- The Feast of Santa Barbara: It is the main religious and folkloric event of the city, celebrated on December 4th. Santa Barbara is the patron saint of Paternò, and the protector of the Etna area. The feast consists of a solemn procession, where the statue of the saint is carried through the streets of the city, accompanied by music, fireworks, and prayers. The highlight of the feast is the “cannalori”, a spectacular display of fireworks, that simulates the eruption of the volcano.
- The Carnival of Paternò: It is one of the oldest and most famous carnivals in Sicily, dating back to the 16th century. It is characterized by the presence of the “abbatazzi”, masked figures that wear colorful costumes, and carry wooden sticks, called “abbatazzi”. The abbatazzi chase and hit the spectators, in a playful and harmless way, as a symbol of social satire and rebellion. The carnival also features parades, dances, games, and shows.
- The Sagra della Salsiccia: It is a gastronomic festival, held in October, in the hamlet of Sferro. It celebrates the sausage, one of the typical products of Paternò, made with pork meat, spices, and fennel seeds. The festival offers the opportunity to taste the sausage, cooked in various ways, and accompanied by bread, wine, and cheese. The festival also includes music, entertainment, and exhibitions.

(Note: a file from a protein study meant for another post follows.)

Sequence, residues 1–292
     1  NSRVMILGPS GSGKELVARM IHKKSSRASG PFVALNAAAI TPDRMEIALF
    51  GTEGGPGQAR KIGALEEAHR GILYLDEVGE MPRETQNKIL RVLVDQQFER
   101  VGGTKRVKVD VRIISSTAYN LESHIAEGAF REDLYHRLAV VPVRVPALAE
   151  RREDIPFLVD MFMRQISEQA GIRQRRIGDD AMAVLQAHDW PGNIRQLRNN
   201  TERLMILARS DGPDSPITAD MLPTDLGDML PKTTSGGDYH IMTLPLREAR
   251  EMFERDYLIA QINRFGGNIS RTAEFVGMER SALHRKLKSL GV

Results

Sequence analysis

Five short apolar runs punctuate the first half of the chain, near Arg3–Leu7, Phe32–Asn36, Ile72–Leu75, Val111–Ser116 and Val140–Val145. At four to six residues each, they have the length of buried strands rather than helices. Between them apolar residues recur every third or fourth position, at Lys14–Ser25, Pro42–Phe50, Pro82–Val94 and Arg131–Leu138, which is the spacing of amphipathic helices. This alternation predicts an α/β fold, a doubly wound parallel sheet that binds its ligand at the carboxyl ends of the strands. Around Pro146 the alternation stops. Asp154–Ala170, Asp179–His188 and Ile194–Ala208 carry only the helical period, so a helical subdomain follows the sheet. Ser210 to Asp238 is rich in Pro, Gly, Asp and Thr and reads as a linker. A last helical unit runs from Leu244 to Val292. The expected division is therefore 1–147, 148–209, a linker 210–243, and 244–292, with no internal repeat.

The Attractions of Paternò
Paternò is a city that offers many attractions for visitors, who can enjoy its history, its art, its nature, and its cuisine. Some of the main attractions of Paternò are:
- The Salinelle: They are small mud volcanoes, that emerge from cracks in the ground, in the area of the Simeto river. They are a natural phenomenon, caused by the interaction of water, gas, and clay. They produce bubbles, fumes, and noises, creating a suggestive and unique landscape. They are also an archaeological site, where you can see the remains of Roman baths, that used the mud for therapeutic purposes.